*RU There*: Feature Film About Second Life, Gaming, and Living Digitally Selected for the Legendary Cannes Film Festival This Year!
Update, 5/18: Read early reviews of R U There here.
A movie about Second Life and gaming is screening at this year's prestigious Cannes Film Festival, which opens today. The name of the film is R U There, a Dutch/French production partly shot in Taipei, and partly in Second Life. It's about a professional gamer who falls in love with a beautiful Taiwanese girl, who invites him to deepen their relationship in the metaverse. Check out the immensely stylish trailer, which sort of suggests Wong Kar-Wai meets CounterStrike:
RU There is screening in Cannes' Un Certain Regard selection, which is reserved for international movies that are "original and different" in a noteworthy way. Previous entries include last year's acclaimed hit Precious, Hou Hsiao Hsien's Flight of the Red Balloon, and Richard Linklater's A Scanner Darkly. (Which as it happens, was promoted in Second Life.) Competitively, R U There is up against movies like Socialisme, by Jean-Luc Godard, who's one of the world's greatest living directors. In other words, this is a very big damn deal.
RU There was directed by David Verbeek, who occasionally visits SL as the avatars "LilyRukai Camino" and "Cameraman Haiku". I tried to get in touch with him, but being in Cannes at the moment, he's somewhat tied up. Fortunately I was able to interview the film's editor, Sander Vos, who introduced Verbeek to Second Life in the first place. "David is fascinated by the contradictions of modern life versus the needs of the human soul," as Sander put it to me. "While we were editing his previous film, I was in SL on a daily basis and I showed him around." (Vos' SL avatar is "RL Karkassus".) What he saw there and what Sander told him inspired Verbeek to include Second Life in his next project:
"I might have told him about the wonders and difficulties that surround virtual romance, about how intense one can identify with one's avatar that is being in love with another avatar," Vos recalls. "I can imagine that struck a chord in David, because when we were shooting in SL, that was what he was searching for all the time: shots that made the audience identify with the avatar - and at the same time wonder about the metaphysical consequences of that. 'Do we now identify with the avatar or with the user behind the avatar?'"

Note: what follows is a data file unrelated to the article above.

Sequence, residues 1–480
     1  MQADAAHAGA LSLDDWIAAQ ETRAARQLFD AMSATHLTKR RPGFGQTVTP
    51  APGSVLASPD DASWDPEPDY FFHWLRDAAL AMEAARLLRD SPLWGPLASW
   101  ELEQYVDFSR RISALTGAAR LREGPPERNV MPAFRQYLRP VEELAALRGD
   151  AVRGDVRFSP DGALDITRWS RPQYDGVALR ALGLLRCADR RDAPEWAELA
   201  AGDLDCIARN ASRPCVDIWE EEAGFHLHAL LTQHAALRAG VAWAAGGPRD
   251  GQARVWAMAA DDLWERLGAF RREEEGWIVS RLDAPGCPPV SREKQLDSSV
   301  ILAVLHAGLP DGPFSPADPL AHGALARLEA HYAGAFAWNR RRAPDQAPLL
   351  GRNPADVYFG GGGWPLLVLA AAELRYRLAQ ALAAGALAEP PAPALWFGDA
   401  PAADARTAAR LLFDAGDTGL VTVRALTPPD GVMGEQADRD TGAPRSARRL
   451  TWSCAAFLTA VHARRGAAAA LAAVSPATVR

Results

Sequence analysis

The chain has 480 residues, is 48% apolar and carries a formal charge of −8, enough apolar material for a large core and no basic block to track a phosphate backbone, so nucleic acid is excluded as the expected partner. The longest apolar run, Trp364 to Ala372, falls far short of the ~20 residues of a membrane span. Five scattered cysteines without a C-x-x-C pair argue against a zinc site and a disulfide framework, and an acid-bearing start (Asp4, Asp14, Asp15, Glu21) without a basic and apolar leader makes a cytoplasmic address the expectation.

Vos estimates about 15-20% of the movie takes place in SL, "But [those scenes] are important-- as the relationship between the main characters evolves further there than in real life."
Verbeek puts it this way in the production notes:
Because they are so different, Jitze and Min Min would never share their universe in real life, but in the virtual world they can. What they, despite their many differences, have in common is the need to feel free and be liberated from the constraints of life. Something they cannot accomplish in the real world, but can in Second Life. Virtual reality enriches their experience, despite being an imaginary world.
No announcements about a theatrical/broadcast/DVD release for RU There have been made as yet, but seeing as Cannes is the most important international marketplace for distributors, odds that it'll get some kind of wide release are good. (Cannes is about as crucial on the worldwide stage as the Sundance film festival is in the United States -- which is funny, because as it happens, a Second Life documentary was featured at the last Sundance.) In any case, Vos tells me, "the Dutch distributor was thinking about doing a viewing in SL for an audience."
Though where in Second Life R U There will play remains to be seen. "I saw there is a Cannes sim in SL," Sander Vos muses. "Wonder if that would be a good pace to do it."
Image credits: IDTV Film, VPRO, Les Petites Lumières. Sander Vos photo courtesy of him.